I have an acquaintance who writes a blog called Snarky Senior. And boy, she has no qualms about being cheeky. It’s pretty entertaining, of course.


I’m not quite as in-your-face as she is, although I used to be when I was younger. But I found I was not attracting a lot of camaraderie with this approach, and although I am definitely not what you’d call a people pleaser, I do want people to like me and come back. In a blog, you can be more flippant, because there’s a high chance that your readers are never going to meet you, but, still, I’d like people to come back.


So the past week has been tough and I want to rant about it… and I apologize in advance for this being so long. It could be three or four blogs, but, I don’t have the energy to go back and deal with this again in a week or two and then again and again.


I remember reading in a horoscope once (yeah, I know, foolish place to get advice, but, once in a while, they are by some wild chance accurate) that I, as a Sagittarius, might want to put the breaks on my Donald Duck temper because others might not see the humor in my temporary flying feathers. That’s usually how I get mad, blustery for five minutes and I’m done. If it’s a serious issue, I’m more likely to just sit with it awhile until I know what I want to say about the irritation.


So here’s what I’ve been in the midst of for the past six days.


First of all, my brother-in-law died. This was something I should have been expecting any day; he had multiple myeloma which Kaiser had stopped treating because the chemo was no longer making a big difference. Kaiser will do that, even if there’s something that could affect a small difference; if you’re in your 80’s they kind of write you off unless you are magnificently healthy. And he had COPD and had had a heart attack about 8 months ago. But I was still shocked to hear he was gone. And of course, deeply saddened. We were friends and most of the time in the past 30 to 40 years, got along well and were affectionate with each other. He walked me down the aisle when my husband and I married nearly 25 years ago.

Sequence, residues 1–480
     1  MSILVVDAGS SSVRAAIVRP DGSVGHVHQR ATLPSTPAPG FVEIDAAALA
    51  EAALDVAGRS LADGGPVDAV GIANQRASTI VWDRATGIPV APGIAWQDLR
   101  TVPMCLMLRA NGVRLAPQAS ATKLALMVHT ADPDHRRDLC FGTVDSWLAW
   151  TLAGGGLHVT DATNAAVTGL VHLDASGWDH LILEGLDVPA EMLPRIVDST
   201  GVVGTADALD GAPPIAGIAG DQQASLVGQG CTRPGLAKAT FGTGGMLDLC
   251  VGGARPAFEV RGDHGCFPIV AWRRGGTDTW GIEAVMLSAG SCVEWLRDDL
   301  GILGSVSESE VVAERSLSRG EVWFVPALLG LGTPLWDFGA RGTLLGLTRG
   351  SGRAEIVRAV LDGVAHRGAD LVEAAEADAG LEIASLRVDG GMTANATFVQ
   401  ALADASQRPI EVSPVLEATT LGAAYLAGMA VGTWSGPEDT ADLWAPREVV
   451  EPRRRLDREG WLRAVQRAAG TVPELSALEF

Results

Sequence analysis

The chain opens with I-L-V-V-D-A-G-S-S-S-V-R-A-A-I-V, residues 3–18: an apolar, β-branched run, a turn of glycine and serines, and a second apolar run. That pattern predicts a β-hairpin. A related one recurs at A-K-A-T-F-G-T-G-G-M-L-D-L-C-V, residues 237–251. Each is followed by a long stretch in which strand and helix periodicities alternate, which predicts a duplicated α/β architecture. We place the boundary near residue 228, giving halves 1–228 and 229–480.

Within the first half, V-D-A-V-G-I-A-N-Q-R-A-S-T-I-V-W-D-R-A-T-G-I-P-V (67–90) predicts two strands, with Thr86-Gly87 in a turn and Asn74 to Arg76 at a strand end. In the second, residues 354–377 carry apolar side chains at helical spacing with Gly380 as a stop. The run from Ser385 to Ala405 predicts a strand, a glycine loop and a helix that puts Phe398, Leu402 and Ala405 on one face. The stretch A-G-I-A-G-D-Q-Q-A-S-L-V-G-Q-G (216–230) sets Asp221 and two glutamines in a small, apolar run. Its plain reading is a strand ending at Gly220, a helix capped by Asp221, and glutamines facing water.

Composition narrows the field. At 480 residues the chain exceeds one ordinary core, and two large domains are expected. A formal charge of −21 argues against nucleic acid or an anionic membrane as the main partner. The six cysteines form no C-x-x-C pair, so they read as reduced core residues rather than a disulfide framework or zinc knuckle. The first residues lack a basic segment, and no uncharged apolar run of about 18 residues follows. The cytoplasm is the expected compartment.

My sister died in 2017, and that was devastating for all of us. The last person who had known me since I was a baby, and the last person who had met and known my father in person since before I was born (she had a different dad, and she was 19 when I was born, but we were always as close as was possible for us). Since my dad died when I was almost seven, LaVonne was the only person I could ask about him after my mother died. The one thing I remember her saying was that everybody liked him and he was a genuinely nice person. That’s how I remember him, too; a milkman who helped people out when he delivered their milk, and who whistled all the time; his dad, my grandfather, whom I never met, and my mother called him The Canary.


But I digress.


I had not seen Charley for two years, because of the pandemic. He lived two hours away, and in an area that has not been well-vaccinated, plus he has family members who were there frequently whom we think may not be vaccinated. I had asked Charley if they were and he was not sure; he was not fully vaccinated because… well, I’m not entirely sure why, I think because Kaiser didn’t want to give him his second and third shot because of his tenuous health. I’m 74 and a polio survivor (which isn’t a comorbidity for Covid), so I have extreme fatigue issues, and if I got the virus it would do me in from an energy standpoint. I felt close to death with a bad flu 24 years ago and ever after, have gotten flu shots. I suspect I’d have a hard time recovering from Covid. I have one polio survivor friend who has had it and it’s been hard on him even though he’s vaccinated, functioning, and still alive.